So now we come to the question: “What makes and keeps a bad neighborhood bad?” This is a question well suited for sociologists and psychologists, but from my own experience, a bad neighborhood is kept bad by my perception of threat. In an immediate sense, I stay away from my bad neighborhoods, the places I consider best left in the dark, because I feel my safety is threatened by them. I certainly shouldn’t visit them alone; I think Anne Lamott had that right, at least. But I would like to acknowledge that my idea of “safety” is often a euphemism for comfort.

In the real estate of my imagination, the more I fear neighborhoods of shame, loneliness, and hurt, the more threatening they become. Not only that, but in my fear, I uphold and protect exclusively those places of my mind and heart that meet strict, homogenized guidelines for goodness, truth, and beauty. I lie to myself about the shape of my inner world. As a result, the health of my imagination suffers. I become narrow-minded and engage in a sort of artistic elitism. This is the gentrification of my imagination in which I leave vast interior landscapes to slow deterioration.

So if that’s what happens to the places within myself of which I’m afraid, then what’s the fate of those places in my imagination I glorify as productive and abundant? A simple answer would be monoculture, in which only one crop is grown over vast stretches of land, working the soil dry. By analogy, my concern in creativity shifts from the thing I’m making to the making itself. I want productivity. I grow only what I have a taste for, and my taste narrows to that which I grow. I become blind and numb to my work for fear of its failure. I forget that all I put my hands to is a gift of God.

In this state, when I happen upon one of God’s good gifts, such as an intuition for a new song or a beautiful chord progression, this scenario unfolds:

“A brief entry in a mid-nineteenth-century collection of English fairy tales tells of a Devonshire man to whom the fairies had given an inexhaustible barrel of ale. Year after year the liquor ran freely. Then one day the man’s maid, curious to know the cause of this extraordinary power, removed the cork from the bung hole and looked into the cask; it was full of cobwebs. When the spigot next was turned the ale ceased to flow. The moral is this: the gift is lost in self-consciousness. To count, measure, reckon value, or seek the cause of a thing is to step outside the circle, to cease being ‘all of a piece’ with the flow of gifts and become, instead, one part of the whole reflecting upon another part.” – Lewis Hyde, The Gift

It comes as no surprise that when I constantly take inventory of the wealth of my imagination, I end up trying to seize the good gifts of God rather than receiving them. In my attempts to seize the gift, it turns to cobwebs. This way of seeing dries up its subject. It is in such times of extreme self-consciousness, of dread and shame over dark inner spaces and fearful idolization of spaces I have privileged as all-good —it is in such times that I can’t make anything.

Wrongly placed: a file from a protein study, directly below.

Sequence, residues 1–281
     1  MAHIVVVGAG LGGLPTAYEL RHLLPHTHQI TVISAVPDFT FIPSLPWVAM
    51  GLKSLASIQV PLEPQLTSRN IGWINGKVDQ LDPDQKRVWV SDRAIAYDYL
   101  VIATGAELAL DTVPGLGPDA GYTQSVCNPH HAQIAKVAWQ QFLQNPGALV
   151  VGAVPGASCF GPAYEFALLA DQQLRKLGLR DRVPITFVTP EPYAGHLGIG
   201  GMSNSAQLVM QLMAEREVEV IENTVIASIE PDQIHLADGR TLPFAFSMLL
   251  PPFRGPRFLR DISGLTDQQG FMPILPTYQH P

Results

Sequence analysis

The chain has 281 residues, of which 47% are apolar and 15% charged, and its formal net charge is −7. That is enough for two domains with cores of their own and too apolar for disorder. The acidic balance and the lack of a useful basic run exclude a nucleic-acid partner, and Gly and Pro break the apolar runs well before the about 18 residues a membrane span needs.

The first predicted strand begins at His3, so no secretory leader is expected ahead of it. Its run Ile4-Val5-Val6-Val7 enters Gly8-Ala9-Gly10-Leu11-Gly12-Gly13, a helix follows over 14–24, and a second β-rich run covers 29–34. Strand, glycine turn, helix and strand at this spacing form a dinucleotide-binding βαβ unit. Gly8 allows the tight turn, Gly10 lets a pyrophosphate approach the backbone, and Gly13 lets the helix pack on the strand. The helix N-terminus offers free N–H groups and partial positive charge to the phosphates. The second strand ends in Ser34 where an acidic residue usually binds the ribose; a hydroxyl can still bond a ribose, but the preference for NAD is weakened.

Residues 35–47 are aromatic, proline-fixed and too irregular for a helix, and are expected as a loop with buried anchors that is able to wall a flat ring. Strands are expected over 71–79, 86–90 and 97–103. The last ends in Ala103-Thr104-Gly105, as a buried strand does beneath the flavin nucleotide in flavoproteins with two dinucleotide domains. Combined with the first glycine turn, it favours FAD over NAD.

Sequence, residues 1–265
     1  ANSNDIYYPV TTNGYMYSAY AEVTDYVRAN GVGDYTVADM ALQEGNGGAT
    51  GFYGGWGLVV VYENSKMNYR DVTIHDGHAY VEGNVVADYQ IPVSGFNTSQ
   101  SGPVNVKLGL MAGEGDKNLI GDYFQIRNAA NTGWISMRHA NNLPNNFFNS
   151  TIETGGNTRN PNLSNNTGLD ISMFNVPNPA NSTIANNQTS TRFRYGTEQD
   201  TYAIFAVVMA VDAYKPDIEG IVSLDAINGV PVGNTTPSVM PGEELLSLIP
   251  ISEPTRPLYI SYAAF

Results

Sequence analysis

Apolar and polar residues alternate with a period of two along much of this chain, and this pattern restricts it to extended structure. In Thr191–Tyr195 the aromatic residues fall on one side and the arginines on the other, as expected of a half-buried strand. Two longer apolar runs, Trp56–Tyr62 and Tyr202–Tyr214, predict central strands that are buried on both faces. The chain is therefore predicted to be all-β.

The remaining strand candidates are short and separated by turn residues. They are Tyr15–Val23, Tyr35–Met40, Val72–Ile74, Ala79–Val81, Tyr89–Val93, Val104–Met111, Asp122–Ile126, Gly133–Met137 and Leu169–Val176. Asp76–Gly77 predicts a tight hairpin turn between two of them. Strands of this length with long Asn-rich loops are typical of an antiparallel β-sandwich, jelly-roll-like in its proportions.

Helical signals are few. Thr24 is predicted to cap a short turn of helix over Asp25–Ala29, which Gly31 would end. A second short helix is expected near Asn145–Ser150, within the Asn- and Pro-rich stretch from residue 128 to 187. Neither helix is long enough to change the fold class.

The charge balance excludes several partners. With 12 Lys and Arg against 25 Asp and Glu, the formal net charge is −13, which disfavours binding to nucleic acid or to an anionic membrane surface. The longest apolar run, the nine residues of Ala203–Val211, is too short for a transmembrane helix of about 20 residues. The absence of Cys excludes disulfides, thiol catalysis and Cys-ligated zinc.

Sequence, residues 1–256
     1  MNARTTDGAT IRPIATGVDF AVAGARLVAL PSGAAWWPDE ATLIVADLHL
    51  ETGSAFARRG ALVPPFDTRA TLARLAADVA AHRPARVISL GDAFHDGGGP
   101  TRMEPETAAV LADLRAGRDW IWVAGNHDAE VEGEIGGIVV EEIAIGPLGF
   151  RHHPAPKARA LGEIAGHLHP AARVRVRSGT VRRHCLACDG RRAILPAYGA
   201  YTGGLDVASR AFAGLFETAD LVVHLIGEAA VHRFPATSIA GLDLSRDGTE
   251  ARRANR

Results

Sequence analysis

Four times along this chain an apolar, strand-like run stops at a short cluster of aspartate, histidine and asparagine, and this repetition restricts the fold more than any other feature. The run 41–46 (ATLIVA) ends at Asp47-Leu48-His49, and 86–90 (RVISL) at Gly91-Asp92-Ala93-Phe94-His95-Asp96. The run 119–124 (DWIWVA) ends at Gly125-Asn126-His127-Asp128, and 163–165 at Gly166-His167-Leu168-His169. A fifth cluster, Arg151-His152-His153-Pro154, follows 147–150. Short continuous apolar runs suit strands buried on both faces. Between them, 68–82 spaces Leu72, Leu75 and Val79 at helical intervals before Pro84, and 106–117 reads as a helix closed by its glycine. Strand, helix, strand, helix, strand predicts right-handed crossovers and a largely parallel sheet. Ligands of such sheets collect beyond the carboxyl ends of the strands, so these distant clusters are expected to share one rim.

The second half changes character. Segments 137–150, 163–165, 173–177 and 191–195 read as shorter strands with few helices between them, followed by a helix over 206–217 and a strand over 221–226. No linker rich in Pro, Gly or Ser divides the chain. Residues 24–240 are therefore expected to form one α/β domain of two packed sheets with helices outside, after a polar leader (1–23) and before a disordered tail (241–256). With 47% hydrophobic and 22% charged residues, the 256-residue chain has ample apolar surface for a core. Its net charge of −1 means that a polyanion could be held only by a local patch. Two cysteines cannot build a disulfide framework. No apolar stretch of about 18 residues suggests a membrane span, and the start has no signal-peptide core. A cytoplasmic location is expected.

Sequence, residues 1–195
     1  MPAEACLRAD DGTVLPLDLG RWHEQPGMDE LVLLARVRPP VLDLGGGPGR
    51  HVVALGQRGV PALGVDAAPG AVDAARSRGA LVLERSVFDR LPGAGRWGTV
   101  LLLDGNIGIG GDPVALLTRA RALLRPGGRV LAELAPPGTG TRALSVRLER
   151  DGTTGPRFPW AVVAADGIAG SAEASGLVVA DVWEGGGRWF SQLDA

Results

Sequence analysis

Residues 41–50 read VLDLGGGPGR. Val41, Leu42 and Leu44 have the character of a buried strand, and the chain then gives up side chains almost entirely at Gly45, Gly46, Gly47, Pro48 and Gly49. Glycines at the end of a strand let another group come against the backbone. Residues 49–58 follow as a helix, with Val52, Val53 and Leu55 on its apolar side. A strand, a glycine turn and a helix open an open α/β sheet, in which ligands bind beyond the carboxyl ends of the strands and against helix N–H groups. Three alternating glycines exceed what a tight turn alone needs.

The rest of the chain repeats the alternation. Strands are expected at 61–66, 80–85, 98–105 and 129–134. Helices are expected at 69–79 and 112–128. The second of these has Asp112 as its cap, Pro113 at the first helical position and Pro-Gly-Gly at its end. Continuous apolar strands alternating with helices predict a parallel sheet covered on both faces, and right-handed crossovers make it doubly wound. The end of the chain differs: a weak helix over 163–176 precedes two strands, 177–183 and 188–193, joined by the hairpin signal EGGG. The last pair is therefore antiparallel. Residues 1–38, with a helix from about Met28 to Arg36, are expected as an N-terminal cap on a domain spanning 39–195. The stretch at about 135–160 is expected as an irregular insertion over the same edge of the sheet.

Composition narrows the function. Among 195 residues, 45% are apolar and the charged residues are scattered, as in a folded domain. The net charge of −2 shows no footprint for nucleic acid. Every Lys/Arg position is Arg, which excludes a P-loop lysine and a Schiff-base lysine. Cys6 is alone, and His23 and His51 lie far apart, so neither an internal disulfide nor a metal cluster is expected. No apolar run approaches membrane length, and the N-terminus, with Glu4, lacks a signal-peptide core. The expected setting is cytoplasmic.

What we need to see in the crucifixion of Jesus is the obliteration of all our concepts of beauty.

Drew Miller

But then, when my heart softens enough to confess my fear, possessiveness, and idolatry, I see myself in this quote all too easily (please excuse the exclusively masculine pronouns):

“…man seeks God in the law, and attempts to conform to him through the works of the law, in order to bring himself into the righteousness of God. If he sees and believes in God in the person of Christ, condemned by the law, he is set free from the legalist concern to justify himself. Man seeks God in the will for political power and world domination. If he sees and believes God in Christ who was powerless and crucified, he is set free from this desire to have power and domination over others. Man seeks to know God in the works and ordinances of the cosmos or the course of world history, in order to become divine himself through knowledge. If he sees and believes God in the suffering and dying Christ, he is set free from the concern for self-deification which guides him towards knowledge. Thus the knowledge of God in the crucified Christ takes seriously the situation of man in pursuit of his own interests, man who in reality is inhuman, because he is under the compulsion of self-justification, dominating self-assertion and illusionary self-deification.” – Jurgen Moltmann, The Crucified God

We could riff on that and write another sentence about those of us who seek to make the world beautiful, redeem it ourselves through art, and thus attain God-like status. What we need to see in the crucifixion of Jesus is the obliteration of all our concepts of beauty. God the Father and Spirit calls beautiful in the crucifixion what we could only ever see to be ugly, thereby obliterating our arbitrary distinctions between what is beautiful and what is reprehensible. Only in obliterating these distinctions is it possible for us to be redeemed from our misguided pursuit of redeeming the world through our creativity.

Recall with me the character of Chihiro from Spirited Away. She “owns” nothing—in fact, she herself is owned as a sort of indentured servant—and her poverty of spirit enables her to see the true wealth of hospitality and gift in those around her. Likewise, she sees the exploitation and “riches” of her surroundings for what they truly are: alienation and profound poverty.